Every third Dutchman shops across the border

One in three Dutch people bought something at a foreign online store last quarter. That is thirty percent more than last year and a sign that international web shopping is growing. The Dutch consumer is starting to look around to shop outside the country outside the country. A year ago 23 percent did, now that's thirty percent

One in three Dutch people bought something at a foreign online store last quarter. That is thirty percent more than last year and a sign that international web shopping is growing.

The Dutch consumer is starting to look around to shop outside the country outside the country. A year ago 23 percent did, now that's thirty percent.

A new study by Forrester Research shows that it is mainly people in the smaller EU member states who go abroad for their purchases. And consumers from large countries with an underdeveloped e-commerce market. These are, for example, Italy and Spain. Forty percent of that buys across the border.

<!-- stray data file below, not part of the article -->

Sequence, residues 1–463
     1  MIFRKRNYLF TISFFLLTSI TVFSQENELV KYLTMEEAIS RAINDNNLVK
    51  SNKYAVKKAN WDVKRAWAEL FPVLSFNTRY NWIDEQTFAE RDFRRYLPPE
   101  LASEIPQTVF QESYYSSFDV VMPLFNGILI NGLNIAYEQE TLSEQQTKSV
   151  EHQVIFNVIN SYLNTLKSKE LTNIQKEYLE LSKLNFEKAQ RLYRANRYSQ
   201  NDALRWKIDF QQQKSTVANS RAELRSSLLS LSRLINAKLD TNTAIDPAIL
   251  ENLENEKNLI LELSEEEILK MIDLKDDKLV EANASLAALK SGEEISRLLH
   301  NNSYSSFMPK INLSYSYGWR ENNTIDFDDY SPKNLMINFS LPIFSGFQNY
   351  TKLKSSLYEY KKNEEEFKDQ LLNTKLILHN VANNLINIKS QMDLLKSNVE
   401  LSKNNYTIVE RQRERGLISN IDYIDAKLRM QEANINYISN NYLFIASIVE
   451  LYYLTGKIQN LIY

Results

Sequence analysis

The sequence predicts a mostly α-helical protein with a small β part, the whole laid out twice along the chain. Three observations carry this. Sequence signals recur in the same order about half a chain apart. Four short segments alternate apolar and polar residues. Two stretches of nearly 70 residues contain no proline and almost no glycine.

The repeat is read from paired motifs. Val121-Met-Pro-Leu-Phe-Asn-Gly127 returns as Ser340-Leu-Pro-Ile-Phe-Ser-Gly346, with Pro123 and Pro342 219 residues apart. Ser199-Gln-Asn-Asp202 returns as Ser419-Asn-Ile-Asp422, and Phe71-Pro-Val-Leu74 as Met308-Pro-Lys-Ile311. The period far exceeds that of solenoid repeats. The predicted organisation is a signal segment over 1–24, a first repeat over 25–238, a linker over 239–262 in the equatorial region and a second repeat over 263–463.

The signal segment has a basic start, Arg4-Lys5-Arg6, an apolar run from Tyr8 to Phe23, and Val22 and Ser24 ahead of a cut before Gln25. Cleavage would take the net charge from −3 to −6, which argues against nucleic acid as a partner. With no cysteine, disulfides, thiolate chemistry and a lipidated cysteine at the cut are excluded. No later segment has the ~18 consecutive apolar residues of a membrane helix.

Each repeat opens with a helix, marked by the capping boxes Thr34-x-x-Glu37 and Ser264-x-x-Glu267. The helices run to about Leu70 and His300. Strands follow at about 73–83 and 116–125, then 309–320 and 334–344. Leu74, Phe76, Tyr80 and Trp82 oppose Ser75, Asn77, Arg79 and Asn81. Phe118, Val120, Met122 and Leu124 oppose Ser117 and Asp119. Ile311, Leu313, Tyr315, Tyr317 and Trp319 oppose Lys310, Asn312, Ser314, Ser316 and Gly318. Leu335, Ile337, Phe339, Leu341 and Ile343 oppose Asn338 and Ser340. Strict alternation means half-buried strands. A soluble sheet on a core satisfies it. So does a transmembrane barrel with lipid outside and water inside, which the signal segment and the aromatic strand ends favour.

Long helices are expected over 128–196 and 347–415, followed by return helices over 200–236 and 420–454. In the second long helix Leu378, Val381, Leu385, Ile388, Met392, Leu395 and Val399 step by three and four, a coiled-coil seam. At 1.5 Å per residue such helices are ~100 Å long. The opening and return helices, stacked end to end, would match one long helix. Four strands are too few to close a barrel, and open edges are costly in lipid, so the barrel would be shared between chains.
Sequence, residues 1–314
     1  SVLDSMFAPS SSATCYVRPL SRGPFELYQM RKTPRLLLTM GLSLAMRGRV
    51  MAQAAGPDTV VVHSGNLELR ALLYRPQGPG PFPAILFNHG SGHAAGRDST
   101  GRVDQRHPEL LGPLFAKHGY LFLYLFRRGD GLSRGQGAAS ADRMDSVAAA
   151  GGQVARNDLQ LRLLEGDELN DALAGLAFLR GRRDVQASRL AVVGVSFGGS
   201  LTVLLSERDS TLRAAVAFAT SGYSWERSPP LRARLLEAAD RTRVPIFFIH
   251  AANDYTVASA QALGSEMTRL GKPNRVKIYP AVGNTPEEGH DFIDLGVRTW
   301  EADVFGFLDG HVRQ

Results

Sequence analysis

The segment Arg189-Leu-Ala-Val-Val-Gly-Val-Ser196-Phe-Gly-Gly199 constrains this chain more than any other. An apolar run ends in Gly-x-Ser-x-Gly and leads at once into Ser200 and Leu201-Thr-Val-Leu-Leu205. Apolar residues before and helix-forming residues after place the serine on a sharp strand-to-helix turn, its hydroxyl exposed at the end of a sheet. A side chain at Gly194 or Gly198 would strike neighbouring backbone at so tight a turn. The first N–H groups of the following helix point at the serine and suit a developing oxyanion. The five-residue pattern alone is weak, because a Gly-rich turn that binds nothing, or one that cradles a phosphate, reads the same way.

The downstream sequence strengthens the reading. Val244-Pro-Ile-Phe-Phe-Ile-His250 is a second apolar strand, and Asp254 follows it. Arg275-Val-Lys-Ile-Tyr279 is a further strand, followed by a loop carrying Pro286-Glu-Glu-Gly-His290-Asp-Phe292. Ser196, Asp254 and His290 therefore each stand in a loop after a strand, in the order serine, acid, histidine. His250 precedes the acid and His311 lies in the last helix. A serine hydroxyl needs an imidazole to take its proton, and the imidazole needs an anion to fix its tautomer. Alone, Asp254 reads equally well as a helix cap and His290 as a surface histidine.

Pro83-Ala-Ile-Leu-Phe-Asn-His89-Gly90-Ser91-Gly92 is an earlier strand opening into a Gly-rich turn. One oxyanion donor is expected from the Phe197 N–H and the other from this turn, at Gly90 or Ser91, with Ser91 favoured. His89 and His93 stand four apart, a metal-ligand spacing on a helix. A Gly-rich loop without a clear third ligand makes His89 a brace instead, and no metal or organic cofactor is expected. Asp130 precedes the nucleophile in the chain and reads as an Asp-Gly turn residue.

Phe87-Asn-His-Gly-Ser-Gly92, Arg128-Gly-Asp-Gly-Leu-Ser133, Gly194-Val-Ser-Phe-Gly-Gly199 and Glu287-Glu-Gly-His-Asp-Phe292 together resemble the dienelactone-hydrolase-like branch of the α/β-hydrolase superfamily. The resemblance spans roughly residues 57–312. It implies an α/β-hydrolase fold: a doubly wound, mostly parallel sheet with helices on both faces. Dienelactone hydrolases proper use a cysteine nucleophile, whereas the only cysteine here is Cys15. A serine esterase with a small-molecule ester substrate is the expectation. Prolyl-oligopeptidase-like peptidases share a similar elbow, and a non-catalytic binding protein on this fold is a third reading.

Looking at Europe's largest countries, minus Poland but including the Netherlands, 28 percent of consumers buy something abroad a few times a year. A year ago that was 21 percent. It is striking that Germans mainly focus on their own country. With eighteen percent 'foreign buyers', the number of exotic shoppers has even fallen by one percentage point in one year. Forrester makes no statement for this. It is plausible that the size, diversity and maturity of the market play a significant role.

The researcher expects Europeans to buy forty billion euros outside the country in 2018. The majority of these sales, 83 percent, take place in another European country. Not in China, not in America. The average foreign money spent will have grown by now from 363 euros to 428 euros.

Last week a report from E-commerce Europe appeared, the international counterpart of Thuiswinkel.org. It stated that the European e-commerce market grew by 14 percent in 2014 to 424 billion euros.